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Re: [Scheme-reports] ANN: first draft of R7RS small language available
On Sat, 16 Apr 2011, Andre van Tonder wrote:
On Sat, 16 Apr 2011, Alex Shinn wrote:
- p57. How do we implement "=>" exported from (scheme base) module ?
"=>" itself is not a syntax or a procedure (i think).
As you say, there is no "=>" bound in (scheme base).
So long as it's not bound in the usage context it will
thus work with `cond'.
Here is the roiginal R6RS formal comment and response:
Formal comment #164 (defect)
Treatment of literal keywords
Reported by: Andre van Tonder
Type : omission; Component : Almost all components
It is not stated whether various literal keywords refer to bindings.
It is unclear whether literal keywords such as unquote, =>, ..., _,
else, protocol, fields, etc., refer to bindings, and if so, to what
they are bound. Typically, such literals may be bound to a macro
expanding to a syntax error, which is a good idea for error checking.
There is a very strong argument for requiring these literals to be
bound. If they refer to bindings, they can be exported, imported,
prefixed, renamed, or excluded. These are useful operations, and I
think it is important for users to be able to rely on them to work
portably. Consider, for example, using syntax case together with a
user-written matcher library, both of which use the identifiers
... and _ with separate meanings (here prefixing or renaming would be
If it were decided that they do not refer to bindings, on the other
hand, then they would be "always available" in the sense of the first
paragraph of 6.3, which should then be changed to reflect this (this
would not, in my opinion, be a good thing, though). Suggestion
Consider stating that literal identifiers refer to bindings, so that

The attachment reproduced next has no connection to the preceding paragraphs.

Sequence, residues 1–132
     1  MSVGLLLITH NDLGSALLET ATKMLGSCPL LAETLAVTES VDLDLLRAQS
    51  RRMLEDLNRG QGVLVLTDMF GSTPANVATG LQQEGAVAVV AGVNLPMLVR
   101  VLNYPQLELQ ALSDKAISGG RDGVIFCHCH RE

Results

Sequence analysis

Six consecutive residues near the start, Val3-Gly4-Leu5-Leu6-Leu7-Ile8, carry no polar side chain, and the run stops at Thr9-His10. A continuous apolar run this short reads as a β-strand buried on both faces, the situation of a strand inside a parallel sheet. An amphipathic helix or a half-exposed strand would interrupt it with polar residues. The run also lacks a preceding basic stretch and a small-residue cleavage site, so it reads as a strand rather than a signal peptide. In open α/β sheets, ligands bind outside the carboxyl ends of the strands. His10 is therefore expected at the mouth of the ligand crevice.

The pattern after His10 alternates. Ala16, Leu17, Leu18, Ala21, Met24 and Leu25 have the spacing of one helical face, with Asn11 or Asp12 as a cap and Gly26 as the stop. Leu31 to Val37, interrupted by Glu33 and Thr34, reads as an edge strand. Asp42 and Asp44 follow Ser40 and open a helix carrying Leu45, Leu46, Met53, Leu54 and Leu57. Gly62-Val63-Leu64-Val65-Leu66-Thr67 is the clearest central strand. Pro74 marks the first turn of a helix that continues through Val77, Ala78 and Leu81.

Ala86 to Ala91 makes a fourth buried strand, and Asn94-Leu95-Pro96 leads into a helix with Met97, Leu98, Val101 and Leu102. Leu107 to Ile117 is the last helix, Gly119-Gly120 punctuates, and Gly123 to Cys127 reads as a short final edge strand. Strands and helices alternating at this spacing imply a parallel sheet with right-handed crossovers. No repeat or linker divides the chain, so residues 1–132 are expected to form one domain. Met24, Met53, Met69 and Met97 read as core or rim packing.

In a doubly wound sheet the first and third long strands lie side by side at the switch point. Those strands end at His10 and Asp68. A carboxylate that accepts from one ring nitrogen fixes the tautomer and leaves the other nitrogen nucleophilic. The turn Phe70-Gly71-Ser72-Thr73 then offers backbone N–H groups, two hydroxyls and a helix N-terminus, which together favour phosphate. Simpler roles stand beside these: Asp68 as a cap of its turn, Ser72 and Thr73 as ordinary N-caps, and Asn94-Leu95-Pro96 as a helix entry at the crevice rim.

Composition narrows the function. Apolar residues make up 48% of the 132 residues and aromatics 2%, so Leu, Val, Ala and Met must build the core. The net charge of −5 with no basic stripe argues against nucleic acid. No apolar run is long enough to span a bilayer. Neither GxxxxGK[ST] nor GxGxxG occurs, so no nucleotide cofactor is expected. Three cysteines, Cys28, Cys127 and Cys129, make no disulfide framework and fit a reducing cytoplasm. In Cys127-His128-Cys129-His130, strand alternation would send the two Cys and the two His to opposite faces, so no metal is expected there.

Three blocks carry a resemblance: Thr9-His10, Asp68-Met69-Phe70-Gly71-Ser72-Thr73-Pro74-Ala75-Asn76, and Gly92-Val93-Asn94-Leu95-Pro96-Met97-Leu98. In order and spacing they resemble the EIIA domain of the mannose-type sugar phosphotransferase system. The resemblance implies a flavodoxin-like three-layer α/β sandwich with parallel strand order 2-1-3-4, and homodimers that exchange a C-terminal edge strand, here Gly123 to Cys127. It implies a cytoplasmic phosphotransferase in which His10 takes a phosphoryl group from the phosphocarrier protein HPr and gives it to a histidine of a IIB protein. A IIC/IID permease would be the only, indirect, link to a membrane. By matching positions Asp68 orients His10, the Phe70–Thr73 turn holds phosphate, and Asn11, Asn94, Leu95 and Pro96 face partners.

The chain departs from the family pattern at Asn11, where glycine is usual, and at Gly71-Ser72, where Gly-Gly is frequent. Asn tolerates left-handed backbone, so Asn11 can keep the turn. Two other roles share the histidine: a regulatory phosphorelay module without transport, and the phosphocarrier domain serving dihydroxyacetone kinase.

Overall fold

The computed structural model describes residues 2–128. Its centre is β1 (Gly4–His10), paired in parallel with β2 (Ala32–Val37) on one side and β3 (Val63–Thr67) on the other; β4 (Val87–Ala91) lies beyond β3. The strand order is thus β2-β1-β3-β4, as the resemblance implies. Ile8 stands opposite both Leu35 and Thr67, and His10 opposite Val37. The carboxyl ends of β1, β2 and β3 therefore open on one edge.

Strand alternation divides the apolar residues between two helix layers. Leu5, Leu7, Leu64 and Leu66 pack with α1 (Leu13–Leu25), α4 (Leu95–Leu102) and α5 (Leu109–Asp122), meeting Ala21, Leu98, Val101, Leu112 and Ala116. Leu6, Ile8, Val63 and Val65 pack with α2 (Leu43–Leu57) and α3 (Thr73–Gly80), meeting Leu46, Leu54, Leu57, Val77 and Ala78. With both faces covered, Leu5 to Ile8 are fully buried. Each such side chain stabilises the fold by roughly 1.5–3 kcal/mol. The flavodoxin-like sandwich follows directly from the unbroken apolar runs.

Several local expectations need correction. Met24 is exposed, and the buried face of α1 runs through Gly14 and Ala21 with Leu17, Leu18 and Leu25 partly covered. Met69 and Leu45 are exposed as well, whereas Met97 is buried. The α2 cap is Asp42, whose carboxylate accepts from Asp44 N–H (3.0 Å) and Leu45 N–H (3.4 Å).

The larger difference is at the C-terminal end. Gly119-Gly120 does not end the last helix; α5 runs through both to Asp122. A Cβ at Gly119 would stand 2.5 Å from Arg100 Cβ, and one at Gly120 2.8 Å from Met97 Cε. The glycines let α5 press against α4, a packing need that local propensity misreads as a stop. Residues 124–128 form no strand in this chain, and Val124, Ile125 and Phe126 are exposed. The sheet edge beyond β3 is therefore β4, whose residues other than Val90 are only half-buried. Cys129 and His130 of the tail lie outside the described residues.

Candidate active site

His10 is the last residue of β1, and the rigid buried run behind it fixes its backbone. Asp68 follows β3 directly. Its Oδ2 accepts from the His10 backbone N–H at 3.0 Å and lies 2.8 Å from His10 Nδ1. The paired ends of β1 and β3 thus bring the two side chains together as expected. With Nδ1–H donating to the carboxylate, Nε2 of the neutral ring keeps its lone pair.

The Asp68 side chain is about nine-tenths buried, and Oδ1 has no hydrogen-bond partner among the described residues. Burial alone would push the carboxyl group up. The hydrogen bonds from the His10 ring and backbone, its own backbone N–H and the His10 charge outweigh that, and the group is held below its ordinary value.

they can be imported/exported/renamed/excluded.
Identifier matching is clearly the right choice for literals in
positions where non-literals can appear; such is the case for `...'
and `_' (see formal comment 159), as well as `=>' and `else'.
The choice is less clear for literals that appear in positions that
can have only literals, such as `fields' and `mutable' in a
`define-record-type' form. An advantage of binding is that it allows
renaming on import and export, and it allows hiding to prevent access
to certain constructs. A disadvantage is that binding may introduce
collisions when literals overlap symbolically with other bindings and
with the literals of other forms. The deciding advantage of binding,
though, is that it's consistent with the right choice for literals in
Therefore, in the next draft of R6RS, every literal will correspond to
an identifier that is exportd by an appropriate library. Using such an
identifier out of place (i.e., as an expression where it is not
specifically recognized as a literal) will be treated as a syntax
Note that `and', `or', `>', etc. in an `import' clause are not bound
by imports or definitions, since the `import' clauses themselves
determine initial bindings. Thus, literals in an `import' clause do
not collide with other bindings, such as those supplied by `(r6rs
base)'. The same is true for literals in an `export' clause, or the
`library', `import', and `export' keywords themselves.
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